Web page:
Adam Kennedy

Organisation Corporate Express
Country Australia
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Comments from Corporate Express Deployment

Corporate Express ( ) used Twiki for the entire IT department, about 100 people and 10 webs.

In general the upgrade from Twiki to FOSWiki went fine. As part of the upgrade we moved from internal passwords and accounts to doing ActiveDirectory integrated authentication, as the wiki was promoted from a dev to a production application.

There was some bitching that with the regular auth system, you could read the pages without logging in, whereas with AD integration we need to always log in even to see it, and it's not a transparent login. However, I'm fairly sure this is not your problem, and just a function of becoming a prod application. However, if the AD auth does NOT support unauthenticated readonly it might be useful to find a way to add it.

Since we aren't a heavy user in terms of complexity (we don't use a lot of plugins, it is mostly just as a plain wiki) all functionality seems to be retained and the changeover was pretty much effortless and unremarkable (which is a good good thing).

By far the most comments from users were regarding the new default look and feel (we had default Twiki and now use default FOSWiki). In general, the clearer and less cluttered look and feel was positively received.

However, in attempting to make a cleaner look, FOSWiki appears to have also made the wiki less useful in some ways.

In particular, for a "working" wiki there is WAY too much whitespace. Margins and borders throughout the new design a plentiful and thick, which has noticably reduced the amount of usable space on the screen, and caused many more things to wrap or switch to iframe scrolling than in the previous default look and feel.

There's a large margin around the page as a whole, then another large margin around the left menu, and another large margin around the content area. Once you are scrolled down past the menu, and you've used a subheading or two and bullets, we've found that the amount of usable space on the screen gets a low as half the actual screen width.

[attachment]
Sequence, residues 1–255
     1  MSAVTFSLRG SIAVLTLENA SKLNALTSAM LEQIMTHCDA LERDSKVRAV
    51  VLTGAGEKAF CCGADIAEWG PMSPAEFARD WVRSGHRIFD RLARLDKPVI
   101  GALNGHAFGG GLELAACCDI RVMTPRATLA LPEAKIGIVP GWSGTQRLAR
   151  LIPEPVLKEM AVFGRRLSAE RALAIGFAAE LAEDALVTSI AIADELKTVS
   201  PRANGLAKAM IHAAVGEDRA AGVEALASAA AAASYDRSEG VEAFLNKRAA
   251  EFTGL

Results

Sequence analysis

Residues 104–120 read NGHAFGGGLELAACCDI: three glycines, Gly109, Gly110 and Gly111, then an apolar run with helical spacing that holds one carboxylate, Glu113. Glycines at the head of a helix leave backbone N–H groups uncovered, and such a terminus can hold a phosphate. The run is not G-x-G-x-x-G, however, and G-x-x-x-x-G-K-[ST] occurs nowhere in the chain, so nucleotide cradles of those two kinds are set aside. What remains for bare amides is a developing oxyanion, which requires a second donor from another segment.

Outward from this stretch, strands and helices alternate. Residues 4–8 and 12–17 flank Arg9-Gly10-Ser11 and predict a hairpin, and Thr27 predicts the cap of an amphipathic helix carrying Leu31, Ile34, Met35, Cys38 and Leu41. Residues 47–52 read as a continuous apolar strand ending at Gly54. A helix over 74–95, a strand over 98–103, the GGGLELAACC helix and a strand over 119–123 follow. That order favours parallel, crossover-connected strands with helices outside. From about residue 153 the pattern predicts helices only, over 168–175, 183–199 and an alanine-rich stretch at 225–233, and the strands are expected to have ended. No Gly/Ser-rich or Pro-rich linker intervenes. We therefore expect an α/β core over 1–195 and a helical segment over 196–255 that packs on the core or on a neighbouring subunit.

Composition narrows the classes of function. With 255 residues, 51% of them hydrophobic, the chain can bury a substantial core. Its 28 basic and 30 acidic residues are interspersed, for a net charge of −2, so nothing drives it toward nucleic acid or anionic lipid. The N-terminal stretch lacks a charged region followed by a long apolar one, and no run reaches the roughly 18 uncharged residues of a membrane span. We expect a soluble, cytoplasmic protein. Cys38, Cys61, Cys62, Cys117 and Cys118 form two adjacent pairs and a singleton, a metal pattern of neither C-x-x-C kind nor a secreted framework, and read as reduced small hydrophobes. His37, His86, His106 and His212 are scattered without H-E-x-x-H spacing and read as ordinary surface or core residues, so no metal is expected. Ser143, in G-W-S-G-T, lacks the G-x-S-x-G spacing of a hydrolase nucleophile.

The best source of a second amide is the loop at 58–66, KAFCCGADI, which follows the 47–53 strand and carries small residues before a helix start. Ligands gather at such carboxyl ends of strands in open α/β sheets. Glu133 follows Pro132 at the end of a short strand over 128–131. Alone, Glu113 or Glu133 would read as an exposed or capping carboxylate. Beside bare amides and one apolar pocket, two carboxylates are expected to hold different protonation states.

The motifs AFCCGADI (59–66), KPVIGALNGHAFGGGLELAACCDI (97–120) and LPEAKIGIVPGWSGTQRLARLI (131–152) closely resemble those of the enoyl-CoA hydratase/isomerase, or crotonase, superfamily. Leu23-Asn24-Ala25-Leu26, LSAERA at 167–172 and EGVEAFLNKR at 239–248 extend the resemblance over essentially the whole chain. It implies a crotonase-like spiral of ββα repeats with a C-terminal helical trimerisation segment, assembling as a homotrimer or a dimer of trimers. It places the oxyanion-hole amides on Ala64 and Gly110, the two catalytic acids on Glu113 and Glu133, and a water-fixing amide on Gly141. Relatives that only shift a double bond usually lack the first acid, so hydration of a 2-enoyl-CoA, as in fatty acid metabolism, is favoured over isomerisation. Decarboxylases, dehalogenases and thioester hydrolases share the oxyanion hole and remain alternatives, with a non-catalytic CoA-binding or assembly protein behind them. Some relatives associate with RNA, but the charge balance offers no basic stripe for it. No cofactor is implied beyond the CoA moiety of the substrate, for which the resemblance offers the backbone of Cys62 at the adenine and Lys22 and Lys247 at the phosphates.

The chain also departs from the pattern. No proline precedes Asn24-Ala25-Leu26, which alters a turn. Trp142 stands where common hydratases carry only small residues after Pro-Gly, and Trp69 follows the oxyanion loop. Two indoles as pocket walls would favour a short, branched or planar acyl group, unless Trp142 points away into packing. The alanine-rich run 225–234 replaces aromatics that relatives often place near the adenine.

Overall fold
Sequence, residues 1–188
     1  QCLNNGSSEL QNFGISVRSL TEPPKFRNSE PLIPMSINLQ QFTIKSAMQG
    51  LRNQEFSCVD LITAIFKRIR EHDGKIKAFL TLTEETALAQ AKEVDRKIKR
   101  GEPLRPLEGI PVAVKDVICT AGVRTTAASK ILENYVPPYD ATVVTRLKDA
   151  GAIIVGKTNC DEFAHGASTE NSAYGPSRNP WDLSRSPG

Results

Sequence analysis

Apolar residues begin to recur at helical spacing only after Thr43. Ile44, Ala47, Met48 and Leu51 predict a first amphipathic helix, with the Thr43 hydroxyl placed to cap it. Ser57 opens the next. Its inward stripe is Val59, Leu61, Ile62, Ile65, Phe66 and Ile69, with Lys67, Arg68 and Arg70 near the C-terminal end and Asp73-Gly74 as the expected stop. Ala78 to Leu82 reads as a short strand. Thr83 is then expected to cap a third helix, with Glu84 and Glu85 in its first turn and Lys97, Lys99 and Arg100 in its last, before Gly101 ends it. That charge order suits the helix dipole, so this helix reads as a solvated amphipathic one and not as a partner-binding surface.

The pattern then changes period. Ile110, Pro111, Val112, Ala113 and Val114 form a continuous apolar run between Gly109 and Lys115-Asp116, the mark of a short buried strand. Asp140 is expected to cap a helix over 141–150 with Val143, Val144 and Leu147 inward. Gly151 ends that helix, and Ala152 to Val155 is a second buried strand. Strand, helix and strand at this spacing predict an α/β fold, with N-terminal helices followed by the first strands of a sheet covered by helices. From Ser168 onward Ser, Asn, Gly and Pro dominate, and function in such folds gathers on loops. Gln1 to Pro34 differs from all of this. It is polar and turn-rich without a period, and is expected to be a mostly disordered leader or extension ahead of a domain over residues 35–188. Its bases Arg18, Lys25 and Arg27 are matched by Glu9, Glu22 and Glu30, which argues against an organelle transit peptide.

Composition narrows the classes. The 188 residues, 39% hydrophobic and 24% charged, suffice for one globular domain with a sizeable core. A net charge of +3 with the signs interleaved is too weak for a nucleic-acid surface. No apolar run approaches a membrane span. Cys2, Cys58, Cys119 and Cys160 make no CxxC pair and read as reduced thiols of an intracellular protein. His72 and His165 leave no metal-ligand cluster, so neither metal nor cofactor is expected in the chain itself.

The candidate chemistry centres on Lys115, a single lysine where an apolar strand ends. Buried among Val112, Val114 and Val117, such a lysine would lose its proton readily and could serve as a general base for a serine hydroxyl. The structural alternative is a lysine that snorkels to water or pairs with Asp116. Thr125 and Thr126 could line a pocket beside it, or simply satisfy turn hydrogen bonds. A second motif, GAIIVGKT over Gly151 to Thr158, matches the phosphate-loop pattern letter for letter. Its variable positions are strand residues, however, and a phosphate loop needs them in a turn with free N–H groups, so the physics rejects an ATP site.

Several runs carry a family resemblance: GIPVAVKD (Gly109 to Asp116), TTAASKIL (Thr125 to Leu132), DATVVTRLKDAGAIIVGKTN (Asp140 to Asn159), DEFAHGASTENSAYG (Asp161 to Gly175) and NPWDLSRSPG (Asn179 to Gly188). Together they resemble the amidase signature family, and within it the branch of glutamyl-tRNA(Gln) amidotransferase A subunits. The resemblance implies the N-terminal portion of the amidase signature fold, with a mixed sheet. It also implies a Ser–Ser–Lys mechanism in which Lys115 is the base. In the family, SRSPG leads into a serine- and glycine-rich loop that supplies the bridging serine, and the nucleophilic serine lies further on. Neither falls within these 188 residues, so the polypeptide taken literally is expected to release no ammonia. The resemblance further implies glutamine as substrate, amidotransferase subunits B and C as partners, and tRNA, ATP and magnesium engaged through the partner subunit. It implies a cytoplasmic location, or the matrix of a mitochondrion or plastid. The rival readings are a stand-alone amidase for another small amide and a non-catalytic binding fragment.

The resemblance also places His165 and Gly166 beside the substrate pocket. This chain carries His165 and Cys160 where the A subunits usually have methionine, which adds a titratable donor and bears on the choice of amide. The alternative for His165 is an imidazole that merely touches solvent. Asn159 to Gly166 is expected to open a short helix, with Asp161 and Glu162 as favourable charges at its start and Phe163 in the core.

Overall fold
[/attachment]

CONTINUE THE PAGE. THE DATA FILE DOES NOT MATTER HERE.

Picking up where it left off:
This is especially the case with the programming team using multiple wide screen monitors in 90 degree rotated portrait aspects, who typically have screen resolutions of something like 1050(width)x1680(height).

I'd expect this same issue to impact some of our regular business users with cheap commodity business PCs with 1024x768 screens. The new style is more difficult to use on anything less than 1200ish width, and since the programming and admin teams in particular have lots of literal code and shell blocks, they report a noticeable increase in the number of these blocks that have to be sideways scrolled now (which is really annoying).

We have two main suggestions.

1. Keep the current look and feel, but please pay more attention to efficient use of screen real estate (especially horozontal real-estate). You could easy trim back your margins to half what they are now with little ill effect.

2. Some of our users report that they almost never use the menu bar, it just chews up a quarter of their screen for no real benefit. It would be nice if the menu could be hidden away, either with a toggle Hide/Show button/image/widget, or with a JavaScript fly-in, fly-out.

Finally, once other thing I've noticed with the new design is the horrible Jump/Search look and feel.

These are two rather small textboxes, using a really ugly and hard to read font. Using them is harder than it should be, and there's tons of blank space around them going unused.

I'd prefer to see a larger search box at the very least, you have the space to burn up there. (And a less offensive font would be great). Also, the light blue gradient makes the grey 3d-effect look nasty and crude, as do the white to light blue gradient buttons.

But in general, a completely clean upgrade as far as I can tell, and well done. Just need a little more attention on your graphic design/look and feel.
Topic revision: r2 - 23 Oct 2009, AdamKennedy
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